Mucosal surfaces of mammals are exquisitely susceptible to colonization by pathogens and are populated by elaborate mucosal-associated lymphoid tissues that are rich in conventional and specialized cells of the innate and adaptive immune system.
All metazoan organisms have evolved a strategic alliance with commensal microorganisms. For example the gastrointestinal tract is heavily populated by commensal communities composed of species from the eukarya, archaea and bacteria. These communities are remarkably diverse and are essential for normal development and metabolism. In addition, recent studies identified alterations in the acquisition or composition of commensals that are associated with susceptibility to multiple metabolic and inflammatory diseases.
Simultaneous exposure to potential pathogens versus innocuous food antigens and beneficial commensal microorganisms creates a unique regulatory challenge for the gut-associated lymphoid tissues.
Intestinal epithelial cells (IECs) provide a crucial physical barrier to potentially invasive pathogens aided by the expression of intercellular tight junctions, an actin-rich brush border and a secreted glycocalyx. IECs also express germ-line encoded innate immune receptors and in vivo studies suggest that IECs routinely recognize and respond to commensal microorganisms in health and disease.
Mammalian IECs and commensal communities exhibit numerous adaptations that facilitate or limit inappropriate immune responses to commensals and thereby maintain symbiosis. These include restricted localization of pattern-recognition receptors on IECs and the capacity of commensals to limit innate immune signalling in host cells.
In addition to innate recognition of commensal microorganisms, IECs can directly regulate the functions of antigen-presenting cells, innate immune cells and lymphocytes in the intestinal microenvironment, suggesting that IECs are an essential lineage in the maintenance of intestinal immune homeostasis via translation of commensal-derived signals to the mucosal immune system.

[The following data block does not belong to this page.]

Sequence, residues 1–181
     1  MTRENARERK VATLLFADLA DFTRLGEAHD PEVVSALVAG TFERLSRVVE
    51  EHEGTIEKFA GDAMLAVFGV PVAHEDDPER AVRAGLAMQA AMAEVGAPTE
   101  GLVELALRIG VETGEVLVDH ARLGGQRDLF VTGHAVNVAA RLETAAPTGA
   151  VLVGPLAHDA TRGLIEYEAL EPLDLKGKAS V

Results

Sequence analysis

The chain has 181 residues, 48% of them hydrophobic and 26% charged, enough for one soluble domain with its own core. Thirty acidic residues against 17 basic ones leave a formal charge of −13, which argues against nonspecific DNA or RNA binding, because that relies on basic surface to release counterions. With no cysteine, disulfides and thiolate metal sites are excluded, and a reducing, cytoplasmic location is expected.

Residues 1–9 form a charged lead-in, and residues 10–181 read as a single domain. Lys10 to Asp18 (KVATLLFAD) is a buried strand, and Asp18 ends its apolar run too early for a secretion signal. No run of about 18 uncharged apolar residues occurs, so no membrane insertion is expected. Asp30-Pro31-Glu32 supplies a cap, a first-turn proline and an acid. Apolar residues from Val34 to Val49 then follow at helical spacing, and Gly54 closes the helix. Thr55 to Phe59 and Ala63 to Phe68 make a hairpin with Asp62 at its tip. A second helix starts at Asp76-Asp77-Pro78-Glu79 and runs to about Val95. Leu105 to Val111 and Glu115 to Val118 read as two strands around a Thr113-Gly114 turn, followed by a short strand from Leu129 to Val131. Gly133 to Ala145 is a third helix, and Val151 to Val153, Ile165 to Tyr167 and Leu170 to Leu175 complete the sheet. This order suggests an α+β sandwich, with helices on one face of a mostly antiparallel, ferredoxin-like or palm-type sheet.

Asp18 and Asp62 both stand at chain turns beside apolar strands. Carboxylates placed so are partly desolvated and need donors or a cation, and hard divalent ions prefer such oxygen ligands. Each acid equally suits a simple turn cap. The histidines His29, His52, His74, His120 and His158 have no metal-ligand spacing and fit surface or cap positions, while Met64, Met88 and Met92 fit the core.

Mucosal surfaces such as the intestinal tract are continuously exposed to both potential pathogens and beneficial commensal microorganisms. This creates a requirement for a homeostatic balance between tolerance and immunity that represents a unique regulatory challenge to the mucosal immune system. Recent findings suggest that intestinal epithelial cells, although once considered a simple physical barrier, are a crucial cell lineage for maintaining intestinal immune homeostasis. This Review discusses recent findings that identify a cardinal role for epithelial cells in sampling the intestinal microenvironment, discriminating pathogenic and commensal microorganisms and influencing the function of antigen-presenting cells and lymphocytes.
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Thanks to all current members of the Artis laboratory for useful discussions and contributions to this manuscript. Work in the laboratory is supported by the US National Institutes of Health (AI61570, AI74878, F31-GM82187, F32-AI72943, T32-AI007532-08, T32-CA09140-30), University of Pennsylvania Center for Infectious Diseases and University Research Fund, The Irvington Institute Fellowship Program of the Cancer Research Institute and The Crohn's and Colitis Foundation of America's William and Shelby Modell Family Foundation Research Award. Apologies to colleagues whose work and publications could not be referenced due to space constraints.
The author declares no competing financial interests.
- Gut-associated lymphoid tissues